And note that I even acknowledged that gay parents can be loving parents. I spoke of what I feel is ideal (I believe children deserve a mom and dad whenever and wherever possible -- even their own mom and dad if that is feasible), and I won't back down from that. Beyond that, we are dealing with less-than-ideal situations. I will always maintain that gay parenthood is not the ideal. Could it be better than a child living on the street? Of course it could, and I have never said otherwise.

Your continued insistence that I am not kind, not caring, not caring of children especially, is growing old. And it also makes assumptions about me about things that you and I have not discussed.

And let's be very, very, very clear. There is no room for hatred in our doctrine, and anyone who wants to interpret doctrine and commandments in that way is wrong.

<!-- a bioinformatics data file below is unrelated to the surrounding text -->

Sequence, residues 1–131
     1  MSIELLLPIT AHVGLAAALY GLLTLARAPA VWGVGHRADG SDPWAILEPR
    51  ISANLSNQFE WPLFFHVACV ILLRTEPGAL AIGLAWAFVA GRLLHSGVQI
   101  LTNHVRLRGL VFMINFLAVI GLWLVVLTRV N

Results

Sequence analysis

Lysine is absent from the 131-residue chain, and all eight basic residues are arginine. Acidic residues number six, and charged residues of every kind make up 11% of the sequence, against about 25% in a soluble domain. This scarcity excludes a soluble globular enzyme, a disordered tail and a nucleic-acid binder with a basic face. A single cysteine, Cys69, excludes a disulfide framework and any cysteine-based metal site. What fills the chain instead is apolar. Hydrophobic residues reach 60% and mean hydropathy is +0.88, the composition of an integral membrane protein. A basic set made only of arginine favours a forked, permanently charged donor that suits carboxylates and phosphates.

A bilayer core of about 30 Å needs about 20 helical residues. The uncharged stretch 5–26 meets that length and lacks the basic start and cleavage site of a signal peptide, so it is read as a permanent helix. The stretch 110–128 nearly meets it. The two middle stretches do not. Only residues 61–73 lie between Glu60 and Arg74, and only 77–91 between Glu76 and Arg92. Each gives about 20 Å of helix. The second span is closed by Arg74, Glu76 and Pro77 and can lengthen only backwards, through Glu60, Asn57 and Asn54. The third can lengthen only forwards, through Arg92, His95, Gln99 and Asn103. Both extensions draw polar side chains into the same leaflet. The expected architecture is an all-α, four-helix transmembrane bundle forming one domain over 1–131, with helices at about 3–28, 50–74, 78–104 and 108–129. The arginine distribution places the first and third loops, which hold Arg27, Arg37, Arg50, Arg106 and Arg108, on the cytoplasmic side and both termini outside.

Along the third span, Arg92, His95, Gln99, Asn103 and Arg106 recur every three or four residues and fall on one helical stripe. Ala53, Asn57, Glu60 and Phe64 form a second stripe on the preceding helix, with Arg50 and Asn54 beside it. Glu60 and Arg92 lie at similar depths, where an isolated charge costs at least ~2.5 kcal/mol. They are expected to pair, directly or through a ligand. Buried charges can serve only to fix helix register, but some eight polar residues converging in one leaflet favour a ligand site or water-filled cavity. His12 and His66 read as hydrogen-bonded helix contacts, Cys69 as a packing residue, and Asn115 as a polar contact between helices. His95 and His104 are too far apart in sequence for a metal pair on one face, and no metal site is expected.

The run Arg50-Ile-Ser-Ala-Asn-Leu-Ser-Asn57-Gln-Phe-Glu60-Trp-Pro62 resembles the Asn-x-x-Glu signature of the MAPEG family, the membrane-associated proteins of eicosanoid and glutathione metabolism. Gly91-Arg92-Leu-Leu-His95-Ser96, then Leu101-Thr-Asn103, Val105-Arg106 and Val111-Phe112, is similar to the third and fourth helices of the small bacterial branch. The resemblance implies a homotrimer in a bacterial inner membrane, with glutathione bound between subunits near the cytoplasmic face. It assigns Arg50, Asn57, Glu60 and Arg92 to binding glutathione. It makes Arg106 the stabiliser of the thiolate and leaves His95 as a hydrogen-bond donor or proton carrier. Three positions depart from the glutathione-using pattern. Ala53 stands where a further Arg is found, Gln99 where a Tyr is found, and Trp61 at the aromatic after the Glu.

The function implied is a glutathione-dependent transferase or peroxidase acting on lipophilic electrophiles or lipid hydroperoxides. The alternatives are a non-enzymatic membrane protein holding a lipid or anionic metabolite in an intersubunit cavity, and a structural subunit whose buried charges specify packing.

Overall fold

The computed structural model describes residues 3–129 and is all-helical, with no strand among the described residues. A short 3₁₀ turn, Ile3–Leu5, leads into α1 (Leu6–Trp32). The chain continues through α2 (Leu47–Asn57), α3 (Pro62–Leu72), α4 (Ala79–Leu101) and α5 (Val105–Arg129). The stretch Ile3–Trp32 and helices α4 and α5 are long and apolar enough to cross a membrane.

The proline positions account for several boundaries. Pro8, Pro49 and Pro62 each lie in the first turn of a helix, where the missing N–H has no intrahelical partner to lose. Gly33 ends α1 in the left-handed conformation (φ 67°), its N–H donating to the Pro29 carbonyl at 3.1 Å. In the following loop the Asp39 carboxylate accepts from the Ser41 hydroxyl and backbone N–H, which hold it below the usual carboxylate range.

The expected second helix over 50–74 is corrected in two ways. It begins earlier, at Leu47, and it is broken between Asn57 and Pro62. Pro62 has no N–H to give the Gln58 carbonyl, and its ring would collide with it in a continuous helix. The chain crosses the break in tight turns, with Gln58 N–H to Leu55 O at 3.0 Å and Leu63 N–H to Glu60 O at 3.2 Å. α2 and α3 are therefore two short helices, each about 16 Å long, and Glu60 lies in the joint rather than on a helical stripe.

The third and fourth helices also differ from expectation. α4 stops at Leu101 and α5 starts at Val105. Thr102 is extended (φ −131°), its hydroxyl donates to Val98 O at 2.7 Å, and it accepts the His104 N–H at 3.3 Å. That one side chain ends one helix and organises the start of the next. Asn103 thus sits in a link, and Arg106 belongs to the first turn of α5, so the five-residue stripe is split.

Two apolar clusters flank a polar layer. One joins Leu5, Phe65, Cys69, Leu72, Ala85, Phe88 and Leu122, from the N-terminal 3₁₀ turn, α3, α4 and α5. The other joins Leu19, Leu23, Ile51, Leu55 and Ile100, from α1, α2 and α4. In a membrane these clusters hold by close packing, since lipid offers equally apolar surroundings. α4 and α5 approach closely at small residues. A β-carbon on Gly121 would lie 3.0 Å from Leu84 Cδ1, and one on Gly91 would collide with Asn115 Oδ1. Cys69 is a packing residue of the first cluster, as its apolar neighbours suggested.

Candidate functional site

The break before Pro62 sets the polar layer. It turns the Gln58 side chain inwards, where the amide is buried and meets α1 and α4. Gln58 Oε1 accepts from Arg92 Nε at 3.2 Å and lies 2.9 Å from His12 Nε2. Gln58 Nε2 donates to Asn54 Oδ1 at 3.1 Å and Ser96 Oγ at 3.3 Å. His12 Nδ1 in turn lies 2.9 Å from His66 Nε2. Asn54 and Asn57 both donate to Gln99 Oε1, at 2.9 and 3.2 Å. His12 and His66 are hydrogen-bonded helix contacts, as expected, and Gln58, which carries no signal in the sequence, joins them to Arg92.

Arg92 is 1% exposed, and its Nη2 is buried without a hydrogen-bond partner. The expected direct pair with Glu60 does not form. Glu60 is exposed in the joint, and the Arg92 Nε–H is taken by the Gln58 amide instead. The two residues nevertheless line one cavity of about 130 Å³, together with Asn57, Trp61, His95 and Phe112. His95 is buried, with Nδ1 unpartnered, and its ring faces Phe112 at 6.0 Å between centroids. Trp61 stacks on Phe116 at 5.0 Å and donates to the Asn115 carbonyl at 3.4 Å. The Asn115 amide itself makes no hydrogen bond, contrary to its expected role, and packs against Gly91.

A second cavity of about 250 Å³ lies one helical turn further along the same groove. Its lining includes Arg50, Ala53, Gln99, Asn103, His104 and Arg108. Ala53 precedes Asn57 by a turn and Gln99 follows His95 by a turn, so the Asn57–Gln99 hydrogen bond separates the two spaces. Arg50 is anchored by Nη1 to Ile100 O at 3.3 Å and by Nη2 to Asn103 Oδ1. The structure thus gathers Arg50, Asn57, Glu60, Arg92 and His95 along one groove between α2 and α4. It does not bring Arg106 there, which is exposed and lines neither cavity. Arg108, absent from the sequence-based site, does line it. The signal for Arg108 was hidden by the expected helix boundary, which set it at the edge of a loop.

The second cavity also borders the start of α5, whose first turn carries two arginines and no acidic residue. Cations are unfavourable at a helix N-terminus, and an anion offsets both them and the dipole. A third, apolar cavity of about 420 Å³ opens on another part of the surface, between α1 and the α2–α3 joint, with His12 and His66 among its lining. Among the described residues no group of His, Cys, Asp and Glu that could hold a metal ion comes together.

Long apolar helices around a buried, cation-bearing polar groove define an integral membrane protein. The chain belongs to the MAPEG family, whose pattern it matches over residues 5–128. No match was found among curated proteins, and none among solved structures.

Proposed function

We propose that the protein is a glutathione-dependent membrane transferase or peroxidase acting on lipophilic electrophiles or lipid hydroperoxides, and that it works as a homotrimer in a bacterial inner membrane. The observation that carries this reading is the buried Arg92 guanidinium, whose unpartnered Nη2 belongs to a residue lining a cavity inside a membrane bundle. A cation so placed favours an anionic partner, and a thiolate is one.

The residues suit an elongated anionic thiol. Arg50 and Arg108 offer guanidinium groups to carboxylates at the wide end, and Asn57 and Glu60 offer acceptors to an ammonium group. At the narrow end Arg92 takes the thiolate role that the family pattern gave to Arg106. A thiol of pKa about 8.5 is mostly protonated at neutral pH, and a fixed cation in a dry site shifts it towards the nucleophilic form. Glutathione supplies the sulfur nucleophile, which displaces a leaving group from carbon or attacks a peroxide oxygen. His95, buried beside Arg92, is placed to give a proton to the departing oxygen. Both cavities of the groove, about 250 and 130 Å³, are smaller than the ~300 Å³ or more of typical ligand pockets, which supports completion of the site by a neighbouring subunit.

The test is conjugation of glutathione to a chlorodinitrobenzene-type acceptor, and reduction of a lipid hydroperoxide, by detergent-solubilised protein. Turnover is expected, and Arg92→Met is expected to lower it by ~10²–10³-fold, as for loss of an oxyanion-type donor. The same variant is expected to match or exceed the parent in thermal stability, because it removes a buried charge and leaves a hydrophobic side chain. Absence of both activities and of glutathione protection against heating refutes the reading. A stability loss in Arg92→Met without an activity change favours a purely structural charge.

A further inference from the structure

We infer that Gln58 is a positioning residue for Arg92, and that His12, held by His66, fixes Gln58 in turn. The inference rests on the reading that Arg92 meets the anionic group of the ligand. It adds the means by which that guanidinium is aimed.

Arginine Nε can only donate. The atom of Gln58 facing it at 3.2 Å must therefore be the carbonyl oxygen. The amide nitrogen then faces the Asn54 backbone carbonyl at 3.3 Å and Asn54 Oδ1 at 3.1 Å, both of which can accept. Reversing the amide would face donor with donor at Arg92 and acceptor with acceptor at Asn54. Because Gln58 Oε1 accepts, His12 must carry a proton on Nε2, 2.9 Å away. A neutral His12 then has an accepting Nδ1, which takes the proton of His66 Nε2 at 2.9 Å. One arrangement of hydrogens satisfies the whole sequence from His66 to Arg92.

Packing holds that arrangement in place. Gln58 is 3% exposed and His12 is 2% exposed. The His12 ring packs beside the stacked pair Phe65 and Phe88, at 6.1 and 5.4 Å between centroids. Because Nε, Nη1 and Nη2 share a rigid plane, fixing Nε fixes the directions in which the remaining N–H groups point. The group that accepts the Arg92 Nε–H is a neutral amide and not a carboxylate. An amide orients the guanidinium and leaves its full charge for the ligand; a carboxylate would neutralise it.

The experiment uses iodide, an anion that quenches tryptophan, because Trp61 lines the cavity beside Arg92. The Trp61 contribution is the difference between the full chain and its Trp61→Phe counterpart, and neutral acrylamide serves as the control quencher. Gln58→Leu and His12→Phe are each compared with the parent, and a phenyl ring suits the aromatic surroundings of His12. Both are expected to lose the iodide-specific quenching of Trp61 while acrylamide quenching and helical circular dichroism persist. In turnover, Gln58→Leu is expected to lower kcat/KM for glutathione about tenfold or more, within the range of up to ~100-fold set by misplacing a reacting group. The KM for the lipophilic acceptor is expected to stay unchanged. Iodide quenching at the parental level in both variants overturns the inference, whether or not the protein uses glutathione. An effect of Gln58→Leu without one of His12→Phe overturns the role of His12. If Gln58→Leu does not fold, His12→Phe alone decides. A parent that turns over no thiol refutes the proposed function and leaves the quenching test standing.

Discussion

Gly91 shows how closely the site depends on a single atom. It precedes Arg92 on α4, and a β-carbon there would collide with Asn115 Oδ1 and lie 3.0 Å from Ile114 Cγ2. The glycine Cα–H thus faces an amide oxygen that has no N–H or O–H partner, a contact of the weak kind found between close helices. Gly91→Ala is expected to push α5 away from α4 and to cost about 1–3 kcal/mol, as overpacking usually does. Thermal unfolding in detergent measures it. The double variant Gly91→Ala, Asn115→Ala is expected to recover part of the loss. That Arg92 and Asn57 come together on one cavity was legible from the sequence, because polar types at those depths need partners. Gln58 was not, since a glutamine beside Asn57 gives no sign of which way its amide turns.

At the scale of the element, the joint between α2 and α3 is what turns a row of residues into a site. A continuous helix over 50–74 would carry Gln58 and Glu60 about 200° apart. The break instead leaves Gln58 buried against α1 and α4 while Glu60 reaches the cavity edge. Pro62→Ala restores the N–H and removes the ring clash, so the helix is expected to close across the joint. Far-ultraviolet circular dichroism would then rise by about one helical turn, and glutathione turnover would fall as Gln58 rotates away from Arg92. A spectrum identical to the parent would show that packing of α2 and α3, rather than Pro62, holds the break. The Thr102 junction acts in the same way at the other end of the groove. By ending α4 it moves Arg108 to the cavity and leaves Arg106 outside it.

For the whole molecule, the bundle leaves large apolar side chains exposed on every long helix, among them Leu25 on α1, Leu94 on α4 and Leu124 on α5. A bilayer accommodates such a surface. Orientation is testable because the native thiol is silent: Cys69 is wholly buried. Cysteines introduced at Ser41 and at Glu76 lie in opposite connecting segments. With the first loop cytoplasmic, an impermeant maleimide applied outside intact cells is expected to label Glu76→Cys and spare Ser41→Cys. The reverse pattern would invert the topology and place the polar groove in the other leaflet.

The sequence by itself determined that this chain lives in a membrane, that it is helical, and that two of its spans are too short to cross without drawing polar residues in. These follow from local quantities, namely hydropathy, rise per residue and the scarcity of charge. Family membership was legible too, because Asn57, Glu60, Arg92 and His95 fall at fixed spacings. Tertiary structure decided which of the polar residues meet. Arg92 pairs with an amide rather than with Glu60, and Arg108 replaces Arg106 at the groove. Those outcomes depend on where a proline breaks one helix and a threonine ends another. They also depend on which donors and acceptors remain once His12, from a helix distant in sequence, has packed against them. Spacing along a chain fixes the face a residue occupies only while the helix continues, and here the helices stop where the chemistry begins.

On the flip side, the continued effort to equate certain choices and boundaries with hate is another argument that I think is inappropriate and unfair in its own right. And it doesn't really help discussion.

If you want to talk issues, talk issues. Please stop insinuating that somehow I am unkind, hateful, not decent, etc. because I don't necessarily share your viewpoint or opinion on certain things. Or because you *think* you understand all the facets of my point of view, which I don't believe you do.

djinn said...
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djinn said...
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djinn said...
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m_and_m said...

Genie,

I understand why you are asking about where I stand on gay adoptions, but 'calling me out' has felt more like cornering me. Understanding your role at the state helps me understand better your strong feelings, but please remember, I am an individual, and placing me in a box with people you have had bad experiences with is not fair to me.

You have created a situation where either I accept gay adoption, or I am an evil, uncaring person who is harming children. Such extremism is not fair, and really, again, hinders discussion. If you insist on painting that kind of extreme picture, it should be no surprise that I wouldn't want to explore my thoughts, because I don't see this issue quite as starkly as you do. That doesn't make me evil, though, or uncaring about the well-being of children.